It has been four years since I started featuring recipes on this site. In all that time I’ve never featured an omelette recipe. Broadly speaking, I like the idea of omelettes, but they typically aren’t very exciting. Not that they couldn’t be! When I reflect on the past ten omelettes I’ve encountered, more times than not they have been bulging envelopes of egg oozing steady rivers of melted cheese. They are nearly always served with a side of greasy home-fries. All great for tempering a mild hangover, not so great for everyday eats. So instead of complaining, I offer you my omelette recipe makeover.
The Skinny Omelette
In my mind an omelette is a beaten egg (or eggs) gently cooked in a pan and sometimes stuffed with good stuff. As I started rethinking the way I wanted to approach my omelette-making, I opted to keep the beating, cooking, and stuffing intact. I played with a few other variables instead. Deciding to cook the eggs extra thin – almost crepe thin – was key. I also opted for rolling instead of folding. This ended up being a great call because the omelette then lends itself to a lovely (and functional) diagonal cut, you can see a cross-section of the ingredients. One more pro-tip – try to avoid over-stuffing them. You’re looking for a nice egg to filling ratio. Keeping it all relatively light.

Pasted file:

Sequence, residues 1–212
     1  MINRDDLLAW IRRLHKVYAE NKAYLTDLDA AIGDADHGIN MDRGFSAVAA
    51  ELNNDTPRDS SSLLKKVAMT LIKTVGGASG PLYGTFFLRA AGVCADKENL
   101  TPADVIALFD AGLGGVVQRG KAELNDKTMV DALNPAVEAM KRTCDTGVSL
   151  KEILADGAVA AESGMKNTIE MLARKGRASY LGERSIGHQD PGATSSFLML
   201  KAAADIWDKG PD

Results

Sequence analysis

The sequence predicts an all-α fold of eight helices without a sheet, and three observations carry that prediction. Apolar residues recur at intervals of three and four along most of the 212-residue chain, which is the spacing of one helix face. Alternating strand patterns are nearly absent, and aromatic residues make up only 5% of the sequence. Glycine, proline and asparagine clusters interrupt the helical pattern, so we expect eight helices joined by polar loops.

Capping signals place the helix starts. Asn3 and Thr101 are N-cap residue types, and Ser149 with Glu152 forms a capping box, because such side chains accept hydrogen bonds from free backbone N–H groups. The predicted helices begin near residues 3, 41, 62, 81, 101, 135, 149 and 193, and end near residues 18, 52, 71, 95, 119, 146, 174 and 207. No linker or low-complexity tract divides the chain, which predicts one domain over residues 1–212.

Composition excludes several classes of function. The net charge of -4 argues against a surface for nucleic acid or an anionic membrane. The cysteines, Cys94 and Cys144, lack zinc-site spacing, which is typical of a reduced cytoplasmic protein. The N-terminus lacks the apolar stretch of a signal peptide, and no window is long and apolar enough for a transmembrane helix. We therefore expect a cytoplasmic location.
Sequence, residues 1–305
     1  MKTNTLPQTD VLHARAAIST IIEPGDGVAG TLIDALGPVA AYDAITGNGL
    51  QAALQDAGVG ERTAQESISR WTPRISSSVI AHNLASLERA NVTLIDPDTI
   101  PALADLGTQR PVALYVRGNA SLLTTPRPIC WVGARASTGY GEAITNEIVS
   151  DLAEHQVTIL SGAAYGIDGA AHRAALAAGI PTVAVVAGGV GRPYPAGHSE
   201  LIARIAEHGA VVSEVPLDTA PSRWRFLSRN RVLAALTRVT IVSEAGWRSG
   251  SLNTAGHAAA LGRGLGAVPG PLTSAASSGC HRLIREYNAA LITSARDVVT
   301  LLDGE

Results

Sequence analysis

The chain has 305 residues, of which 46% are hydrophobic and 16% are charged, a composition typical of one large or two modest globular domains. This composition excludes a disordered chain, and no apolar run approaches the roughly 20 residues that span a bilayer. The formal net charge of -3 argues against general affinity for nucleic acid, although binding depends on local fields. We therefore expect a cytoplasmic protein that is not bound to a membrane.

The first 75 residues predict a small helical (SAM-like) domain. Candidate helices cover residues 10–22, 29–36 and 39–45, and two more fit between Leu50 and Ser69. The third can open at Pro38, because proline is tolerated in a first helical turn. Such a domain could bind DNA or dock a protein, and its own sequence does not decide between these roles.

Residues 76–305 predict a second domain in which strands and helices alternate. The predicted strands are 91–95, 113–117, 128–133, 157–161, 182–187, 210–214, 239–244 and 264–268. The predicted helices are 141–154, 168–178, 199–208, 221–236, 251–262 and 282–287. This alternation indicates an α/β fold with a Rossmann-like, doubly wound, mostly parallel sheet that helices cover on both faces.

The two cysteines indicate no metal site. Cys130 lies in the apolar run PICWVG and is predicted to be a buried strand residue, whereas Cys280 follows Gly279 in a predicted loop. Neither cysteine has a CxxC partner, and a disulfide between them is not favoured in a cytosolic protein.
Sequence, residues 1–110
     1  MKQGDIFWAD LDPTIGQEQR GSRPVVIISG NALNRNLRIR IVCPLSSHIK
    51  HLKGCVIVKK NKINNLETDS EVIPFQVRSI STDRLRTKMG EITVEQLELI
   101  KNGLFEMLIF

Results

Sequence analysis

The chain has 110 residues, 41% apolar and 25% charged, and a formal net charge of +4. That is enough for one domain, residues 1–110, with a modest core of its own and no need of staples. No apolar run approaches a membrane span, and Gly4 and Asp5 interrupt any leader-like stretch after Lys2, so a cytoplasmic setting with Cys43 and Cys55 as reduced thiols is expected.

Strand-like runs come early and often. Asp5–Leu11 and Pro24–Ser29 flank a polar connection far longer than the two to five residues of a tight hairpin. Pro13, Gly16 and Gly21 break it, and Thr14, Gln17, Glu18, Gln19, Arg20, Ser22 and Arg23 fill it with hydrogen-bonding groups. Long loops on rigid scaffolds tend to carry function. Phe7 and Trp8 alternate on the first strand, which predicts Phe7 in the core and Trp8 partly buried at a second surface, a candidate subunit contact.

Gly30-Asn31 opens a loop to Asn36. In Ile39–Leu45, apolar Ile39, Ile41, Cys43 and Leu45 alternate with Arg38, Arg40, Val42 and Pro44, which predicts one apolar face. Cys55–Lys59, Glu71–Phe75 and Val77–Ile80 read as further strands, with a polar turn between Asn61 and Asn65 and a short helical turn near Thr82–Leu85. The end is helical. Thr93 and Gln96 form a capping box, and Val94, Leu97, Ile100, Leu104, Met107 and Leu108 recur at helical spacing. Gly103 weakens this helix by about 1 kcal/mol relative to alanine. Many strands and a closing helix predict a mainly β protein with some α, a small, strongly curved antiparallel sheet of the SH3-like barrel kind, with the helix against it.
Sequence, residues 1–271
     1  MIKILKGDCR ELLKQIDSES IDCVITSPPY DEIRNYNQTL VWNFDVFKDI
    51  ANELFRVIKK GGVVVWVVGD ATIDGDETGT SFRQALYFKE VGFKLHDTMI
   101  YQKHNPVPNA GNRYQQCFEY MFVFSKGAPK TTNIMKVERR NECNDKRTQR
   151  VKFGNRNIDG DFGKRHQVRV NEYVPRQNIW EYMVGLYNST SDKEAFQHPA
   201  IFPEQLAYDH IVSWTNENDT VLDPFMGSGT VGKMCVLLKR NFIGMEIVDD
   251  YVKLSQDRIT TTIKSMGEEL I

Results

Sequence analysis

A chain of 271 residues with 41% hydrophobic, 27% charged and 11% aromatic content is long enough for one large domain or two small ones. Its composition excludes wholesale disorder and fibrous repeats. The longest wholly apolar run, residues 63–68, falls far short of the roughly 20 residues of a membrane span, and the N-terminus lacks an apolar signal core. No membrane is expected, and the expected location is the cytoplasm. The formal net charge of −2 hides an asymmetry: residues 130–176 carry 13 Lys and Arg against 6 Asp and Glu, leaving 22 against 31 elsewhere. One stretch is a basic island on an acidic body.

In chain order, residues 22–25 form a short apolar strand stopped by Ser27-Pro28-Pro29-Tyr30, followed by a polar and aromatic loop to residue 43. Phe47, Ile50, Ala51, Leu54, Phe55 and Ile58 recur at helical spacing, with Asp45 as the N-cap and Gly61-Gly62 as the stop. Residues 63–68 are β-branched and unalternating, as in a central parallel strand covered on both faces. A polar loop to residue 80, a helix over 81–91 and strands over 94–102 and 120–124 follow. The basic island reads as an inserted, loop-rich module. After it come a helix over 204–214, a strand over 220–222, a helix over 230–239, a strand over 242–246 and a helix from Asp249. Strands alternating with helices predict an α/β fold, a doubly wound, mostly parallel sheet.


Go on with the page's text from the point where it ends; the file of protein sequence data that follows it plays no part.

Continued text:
So, what you see above is what I whipped up for breakfast this morning. I was in and out of the kitchen (with photo!) in less than twelve minutes, counters cleaned, dishes done. And for those of you who are gluten-intolerant or can’t have gluten, it just dawned on me that these could be considered gluten-free crepes.
Creative Omelette Variations
For this omelette I used my favorite pesto, a small handful of herbs and greens, and crumbled goat cheese in addition to the omelette-egg base. But don’t let that limit you. There are a million ways you can remix this omelette recipe. You can add spices, seasonings, tiny grains, herbs, curry pastes, and infusions to the eggs before cooking. You can play around with different spreads, cheeses, mashed beans, tangy yogurt, salsa and/or avocados as filling. If you like Thai flavors, use Thai ingredients. If you like Japanese flavors, integrate those ingredients. The potential combinations are fun, delicious, and endless.
There are some great egg and omelette suggestions in the comments. Check them out! Marichan says, “…my mother puts dashi, shoyu and a touch of sugar in her omelette. I think those three flavors and the texture of the eggs are what I love. Sometimes she rolls the omelette into a long rectangle using the square egg pan. That’s yummy but I really love the thin, crepe like omelette. Sometimes she will stuff them with chirashizushi (sushi rice with various vegetables mixed in) or put it over Japanese style fried rice.“
Carol also highlights this feisty combination: sun-dried tomatoes, spinach, little blocks of feta cheese and a dollop of homemade harissa.